Blend wall point of contention at EPA hearing

Source: Marc Heller, E&E reporter • Posted: Monday, June 13, 2016

In the fight over renewable fuel mandates, one side wants to strengthen the “blend wall,” while the other is trying to tear it down.

The blend wall of 10 percent ethanol in fuel remained a main point of contention yesterday as U.S. EPA took testimony in Kansas City, Mo., on its renewable fuel standard proposal for 2017. The hearing was webcast.

At issue is whether the United States is ready for fuels that contain more ethanol and whether EPA should be more aggressive in setting levels for biofuels as part of the RFS.

Proponents of ethanol called the blend wall a creation of oil companies and urged the agency to boost renewable fuel beyond the 18.8-billion-gallon level in the proposal.

Boosters also want the administration to be more open to high-ethanol mixes that include more than 15 percent of the biofuel, known as E15, mostly derived from corn.

Selling higher-ethanol blends is not unprecedented, according to the American Coalition for Ethanol, which told EPA that 300 gas stations around the country have already “easily exceeded” the blend wall, selling fuel that’s 85 percent ethanol.

Higher-ethanol fuels such as E15 and E85 are “fuels of dreams,” said John DiMartini, marketing manager at the Andersons Inc., a grain and ethanol dealer, who urged EPA to consider more ambitious targets. “If you set it, they will come.”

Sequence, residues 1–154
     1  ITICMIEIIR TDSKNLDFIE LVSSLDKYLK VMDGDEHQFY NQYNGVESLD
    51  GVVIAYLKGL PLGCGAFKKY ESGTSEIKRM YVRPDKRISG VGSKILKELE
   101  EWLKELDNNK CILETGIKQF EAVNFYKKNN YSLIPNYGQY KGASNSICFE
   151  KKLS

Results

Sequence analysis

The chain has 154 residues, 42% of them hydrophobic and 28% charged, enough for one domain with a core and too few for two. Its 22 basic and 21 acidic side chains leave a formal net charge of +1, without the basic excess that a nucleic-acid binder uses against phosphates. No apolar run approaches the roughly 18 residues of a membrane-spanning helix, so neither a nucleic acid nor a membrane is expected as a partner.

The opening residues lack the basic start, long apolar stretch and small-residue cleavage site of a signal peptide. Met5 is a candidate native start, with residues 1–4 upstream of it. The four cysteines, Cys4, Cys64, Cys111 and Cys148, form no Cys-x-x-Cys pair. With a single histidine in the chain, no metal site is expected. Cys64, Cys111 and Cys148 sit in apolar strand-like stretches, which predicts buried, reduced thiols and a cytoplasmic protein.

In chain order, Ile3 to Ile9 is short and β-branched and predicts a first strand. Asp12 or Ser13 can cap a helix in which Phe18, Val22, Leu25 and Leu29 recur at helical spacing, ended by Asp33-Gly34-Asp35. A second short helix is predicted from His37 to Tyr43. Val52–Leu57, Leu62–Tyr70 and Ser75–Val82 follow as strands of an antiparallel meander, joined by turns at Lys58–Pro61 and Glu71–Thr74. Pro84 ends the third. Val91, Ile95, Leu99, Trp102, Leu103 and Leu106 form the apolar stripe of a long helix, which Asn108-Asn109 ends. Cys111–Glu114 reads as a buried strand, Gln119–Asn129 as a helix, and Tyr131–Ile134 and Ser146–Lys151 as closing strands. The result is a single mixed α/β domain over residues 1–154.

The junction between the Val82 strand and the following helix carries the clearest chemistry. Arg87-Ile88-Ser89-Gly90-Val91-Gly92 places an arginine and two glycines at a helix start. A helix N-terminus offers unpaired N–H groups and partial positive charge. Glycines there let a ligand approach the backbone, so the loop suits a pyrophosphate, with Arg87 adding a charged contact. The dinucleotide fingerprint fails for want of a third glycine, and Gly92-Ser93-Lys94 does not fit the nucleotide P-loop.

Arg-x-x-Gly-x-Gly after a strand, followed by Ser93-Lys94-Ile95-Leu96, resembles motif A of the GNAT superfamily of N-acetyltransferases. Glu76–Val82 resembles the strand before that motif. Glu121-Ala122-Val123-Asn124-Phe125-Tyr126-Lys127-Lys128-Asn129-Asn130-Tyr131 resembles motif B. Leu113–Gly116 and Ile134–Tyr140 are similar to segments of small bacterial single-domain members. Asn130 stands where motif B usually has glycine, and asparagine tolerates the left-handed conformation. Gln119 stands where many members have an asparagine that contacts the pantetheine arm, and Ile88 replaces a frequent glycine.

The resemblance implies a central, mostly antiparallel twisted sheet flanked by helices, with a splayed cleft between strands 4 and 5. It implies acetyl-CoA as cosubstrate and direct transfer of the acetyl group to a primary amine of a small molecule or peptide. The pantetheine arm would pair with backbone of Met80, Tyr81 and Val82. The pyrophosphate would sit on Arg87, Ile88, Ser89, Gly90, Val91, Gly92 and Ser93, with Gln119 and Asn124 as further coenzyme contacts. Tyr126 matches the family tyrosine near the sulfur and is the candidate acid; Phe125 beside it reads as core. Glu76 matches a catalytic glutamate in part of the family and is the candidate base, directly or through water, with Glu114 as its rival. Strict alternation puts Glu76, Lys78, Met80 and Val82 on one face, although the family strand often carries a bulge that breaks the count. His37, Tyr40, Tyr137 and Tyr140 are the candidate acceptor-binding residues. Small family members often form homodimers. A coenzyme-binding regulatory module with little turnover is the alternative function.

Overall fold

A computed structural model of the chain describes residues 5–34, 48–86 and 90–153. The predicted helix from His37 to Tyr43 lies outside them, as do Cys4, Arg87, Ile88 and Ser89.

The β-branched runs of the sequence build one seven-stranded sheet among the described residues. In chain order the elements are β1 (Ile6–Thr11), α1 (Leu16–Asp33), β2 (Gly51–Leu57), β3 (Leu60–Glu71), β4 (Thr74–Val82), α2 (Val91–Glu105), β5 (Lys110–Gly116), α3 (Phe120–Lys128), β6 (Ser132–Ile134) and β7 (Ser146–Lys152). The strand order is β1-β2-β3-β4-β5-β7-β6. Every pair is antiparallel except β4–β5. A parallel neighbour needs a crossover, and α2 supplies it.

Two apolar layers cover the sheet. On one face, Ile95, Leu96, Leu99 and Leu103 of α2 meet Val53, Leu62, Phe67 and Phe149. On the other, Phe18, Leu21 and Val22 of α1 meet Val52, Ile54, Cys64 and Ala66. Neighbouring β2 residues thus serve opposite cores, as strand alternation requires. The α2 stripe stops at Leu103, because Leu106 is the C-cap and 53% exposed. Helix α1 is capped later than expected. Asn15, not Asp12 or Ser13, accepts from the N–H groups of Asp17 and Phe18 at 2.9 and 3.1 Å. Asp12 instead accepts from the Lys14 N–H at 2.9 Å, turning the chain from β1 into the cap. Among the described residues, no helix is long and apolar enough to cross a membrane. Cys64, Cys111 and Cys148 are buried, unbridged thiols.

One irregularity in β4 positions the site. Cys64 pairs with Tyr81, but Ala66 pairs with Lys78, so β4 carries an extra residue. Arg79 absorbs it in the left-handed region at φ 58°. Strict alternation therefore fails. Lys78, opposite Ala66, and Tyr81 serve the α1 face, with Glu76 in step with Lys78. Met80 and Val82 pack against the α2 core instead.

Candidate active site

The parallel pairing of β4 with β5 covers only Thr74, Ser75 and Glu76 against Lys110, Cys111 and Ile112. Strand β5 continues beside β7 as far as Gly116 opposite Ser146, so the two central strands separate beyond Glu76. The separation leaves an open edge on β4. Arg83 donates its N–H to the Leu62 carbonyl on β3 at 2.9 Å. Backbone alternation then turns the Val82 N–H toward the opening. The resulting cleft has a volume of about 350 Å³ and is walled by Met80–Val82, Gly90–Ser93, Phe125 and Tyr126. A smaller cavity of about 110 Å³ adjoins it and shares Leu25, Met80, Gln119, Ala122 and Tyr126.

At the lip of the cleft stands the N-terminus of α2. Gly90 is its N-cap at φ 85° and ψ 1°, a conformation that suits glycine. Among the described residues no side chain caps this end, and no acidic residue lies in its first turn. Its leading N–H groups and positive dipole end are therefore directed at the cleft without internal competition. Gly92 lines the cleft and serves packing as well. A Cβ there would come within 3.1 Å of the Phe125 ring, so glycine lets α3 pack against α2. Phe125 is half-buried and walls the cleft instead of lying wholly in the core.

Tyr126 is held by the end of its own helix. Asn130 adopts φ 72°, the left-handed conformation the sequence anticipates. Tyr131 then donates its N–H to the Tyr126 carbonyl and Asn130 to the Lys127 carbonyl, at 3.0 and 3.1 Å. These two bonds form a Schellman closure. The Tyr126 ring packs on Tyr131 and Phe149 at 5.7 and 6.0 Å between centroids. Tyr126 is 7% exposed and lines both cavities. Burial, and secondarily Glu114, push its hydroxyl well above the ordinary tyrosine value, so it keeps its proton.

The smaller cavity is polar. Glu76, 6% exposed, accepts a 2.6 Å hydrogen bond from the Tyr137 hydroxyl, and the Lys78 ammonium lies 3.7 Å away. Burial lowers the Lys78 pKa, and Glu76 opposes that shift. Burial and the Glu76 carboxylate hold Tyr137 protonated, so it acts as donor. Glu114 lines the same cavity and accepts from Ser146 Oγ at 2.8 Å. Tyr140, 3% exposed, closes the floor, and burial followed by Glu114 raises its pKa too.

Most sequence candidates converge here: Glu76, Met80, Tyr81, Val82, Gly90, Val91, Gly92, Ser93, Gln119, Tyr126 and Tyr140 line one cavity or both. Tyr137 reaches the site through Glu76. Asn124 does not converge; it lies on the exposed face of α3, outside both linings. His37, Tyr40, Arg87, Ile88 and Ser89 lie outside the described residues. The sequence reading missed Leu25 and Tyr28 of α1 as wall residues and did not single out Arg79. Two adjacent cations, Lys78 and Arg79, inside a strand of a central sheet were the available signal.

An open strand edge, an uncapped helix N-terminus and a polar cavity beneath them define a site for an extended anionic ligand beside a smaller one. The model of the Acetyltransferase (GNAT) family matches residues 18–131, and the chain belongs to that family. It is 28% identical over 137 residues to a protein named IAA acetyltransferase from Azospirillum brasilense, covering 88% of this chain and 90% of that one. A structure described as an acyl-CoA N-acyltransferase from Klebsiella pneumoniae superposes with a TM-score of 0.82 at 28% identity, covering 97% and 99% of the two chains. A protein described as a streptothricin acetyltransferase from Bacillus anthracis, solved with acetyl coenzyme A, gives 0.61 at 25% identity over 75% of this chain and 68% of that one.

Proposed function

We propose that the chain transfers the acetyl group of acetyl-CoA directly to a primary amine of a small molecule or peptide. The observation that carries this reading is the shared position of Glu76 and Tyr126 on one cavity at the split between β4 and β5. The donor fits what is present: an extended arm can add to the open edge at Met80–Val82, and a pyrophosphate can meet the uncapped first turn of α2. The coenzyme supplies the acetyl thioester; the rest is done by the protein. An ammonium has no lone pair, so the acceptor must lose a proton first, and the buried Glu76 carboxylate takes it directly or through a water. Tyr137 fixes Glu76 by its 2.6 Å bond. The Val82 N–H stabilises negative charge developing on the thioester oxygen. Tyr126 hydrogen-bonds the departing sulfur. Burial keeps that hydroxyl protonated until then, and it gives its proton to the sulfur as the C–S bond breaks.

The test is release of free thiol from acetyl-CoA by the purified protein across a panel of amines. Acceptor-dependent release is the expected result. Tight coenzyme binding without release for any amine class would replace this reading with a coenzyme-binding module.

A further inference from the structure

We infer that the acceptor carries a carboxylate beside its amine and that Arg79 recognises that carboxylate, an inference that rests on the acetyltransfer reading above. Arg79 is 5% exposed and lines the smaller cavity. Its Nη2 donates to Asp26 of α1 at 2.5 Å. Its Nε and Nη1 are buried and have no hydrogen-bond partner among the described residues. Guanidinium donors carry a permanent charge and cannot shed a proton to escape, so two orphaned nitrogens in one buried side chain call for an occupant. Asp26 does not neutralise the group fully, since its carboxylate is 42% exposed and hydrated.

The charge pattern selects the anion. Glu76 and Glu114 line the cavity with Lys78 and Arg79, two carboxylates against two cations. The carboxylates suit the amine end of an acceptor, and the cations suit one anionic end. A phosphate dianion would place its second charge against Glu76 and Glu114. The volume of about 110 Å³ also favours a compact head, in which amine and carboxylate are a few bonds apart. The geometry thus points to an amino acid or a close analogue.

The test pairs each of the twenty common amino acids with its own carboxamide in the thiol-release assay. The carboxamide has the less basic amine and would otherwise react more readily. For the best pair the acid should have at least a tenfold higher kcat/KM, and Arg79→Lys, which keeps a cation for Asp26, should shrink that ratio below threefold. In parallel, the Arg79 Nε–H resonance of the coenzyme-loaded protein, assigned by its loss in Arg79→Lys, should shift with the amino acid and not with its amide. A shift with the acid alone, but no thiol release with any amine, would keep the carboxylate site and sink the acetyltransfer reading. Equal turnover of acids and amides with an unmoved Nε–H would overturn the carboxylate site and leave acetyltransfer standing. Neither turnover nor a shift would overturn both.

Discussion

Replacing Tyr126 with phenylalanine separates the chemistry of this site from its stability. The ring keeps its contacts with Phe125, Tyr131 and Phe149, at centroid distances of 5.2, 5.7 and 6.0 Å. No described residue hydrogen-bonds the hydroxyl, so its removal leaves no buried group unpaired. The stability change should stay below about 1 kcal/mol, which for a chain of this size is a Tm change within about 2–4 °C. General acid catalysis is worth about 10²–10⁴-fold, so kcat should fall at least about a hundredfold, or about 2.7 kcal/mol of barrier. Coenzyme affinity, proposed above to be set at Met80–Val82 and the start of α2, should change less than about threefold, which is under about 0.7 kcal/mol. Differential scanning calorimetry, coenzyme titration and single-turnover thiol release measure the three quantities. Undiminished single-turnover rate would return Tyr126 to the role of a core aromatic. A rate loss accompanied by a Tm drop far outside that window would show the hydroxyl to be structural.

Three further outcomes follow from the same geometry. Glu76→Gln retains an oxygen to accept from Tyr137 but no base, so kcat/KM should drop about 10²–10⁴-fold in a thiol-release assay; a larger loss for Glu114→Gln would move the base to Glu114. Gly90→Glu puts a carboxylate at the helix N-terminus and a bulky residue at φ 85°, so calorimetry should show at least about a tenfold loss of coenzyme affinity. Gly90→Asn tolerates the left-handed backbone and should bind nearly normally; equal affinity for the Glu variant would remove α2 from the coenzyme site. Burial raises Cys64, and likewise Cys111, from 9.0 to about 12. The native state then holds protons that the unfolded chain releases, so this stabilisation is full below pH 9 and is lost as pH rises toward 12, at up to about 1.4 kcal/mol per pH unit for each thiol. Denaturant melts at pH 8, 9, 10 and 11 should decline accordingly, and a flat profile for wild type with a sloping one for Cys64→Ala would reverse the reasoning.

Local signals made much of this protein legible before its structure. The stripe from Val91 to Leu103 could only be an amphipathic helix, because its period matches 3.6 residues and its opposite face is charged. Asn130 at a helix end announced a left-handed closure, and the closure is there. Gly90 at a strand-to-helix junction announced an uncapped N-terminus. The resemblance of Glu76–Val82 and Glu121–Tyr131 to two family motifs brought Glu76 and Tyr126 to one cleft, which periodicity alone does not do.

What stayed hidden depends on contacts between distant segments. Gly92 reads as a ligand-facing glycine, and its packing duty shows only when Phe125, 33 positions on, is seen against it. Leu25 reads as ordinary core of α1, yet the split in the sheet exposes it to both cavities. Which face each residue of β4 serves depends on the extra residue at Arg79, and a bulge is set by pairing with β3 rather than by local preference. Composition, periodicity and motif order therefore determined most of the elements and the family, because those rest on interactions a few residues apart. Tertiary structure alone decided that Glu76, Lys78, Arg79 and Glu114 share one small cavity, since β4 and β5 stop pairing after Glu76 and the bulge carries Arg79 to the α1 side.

In Mercer, Mo., Hometown Fuel Inc. sells E20, E30 and E85 fuels and uses them on its own vehicles and in farm equipment, company President Lori Porter said at the hearing.

“Consumers are demanding ethanol,” said Porter, who called the blend wall a “fictitious level” pushed by oil companies that compete with biofuels.

EPA is proposing to boost renewable fuel blending compared with this year, but the agency still used its waiver authority to fall short of congressional mandates in the 2007 RFS law.

Opponents said that fuel mixes beyond 10 percent would damage engines and that increased corn ethanol use would hurt the environment by encouraging the planting of corn treated with pesticides.

Motorcycling enthusiasts said that their bikes aren’t certified by manufacturers for fuel with more than 10 percent ethanol and that makers void warrantees if such fuel is used.

The director of government relations for the American Motorcyclist Association, Rick Podliska, said his group “remains concerned about the lack of consumer awareness surrounding the limitations of unsafe E15 and the damage it can cause to engines and infrastructure,” and urged a consumer awareness campaign.

The 18.8 billion gallons proposed for 2017 is a slight increase from the 18.1-billion-gallon level set for this year and up from the 16.93 billion gallons for 2015.

Whether EPA boosts the proposed levels will play out over the next few months. The argument over ethanol content in fuel carries on.

In the background are calls for revamping the RFS. Some refiners, including Valero Energy Corp. and HollyFrontier Corp., urged EPA to switch the responsibility for compliance from refiners to blenders, echoing a formal request they have made in challenging the RFS in the U.S. Court of Appeals for the District of Columbia Circuit.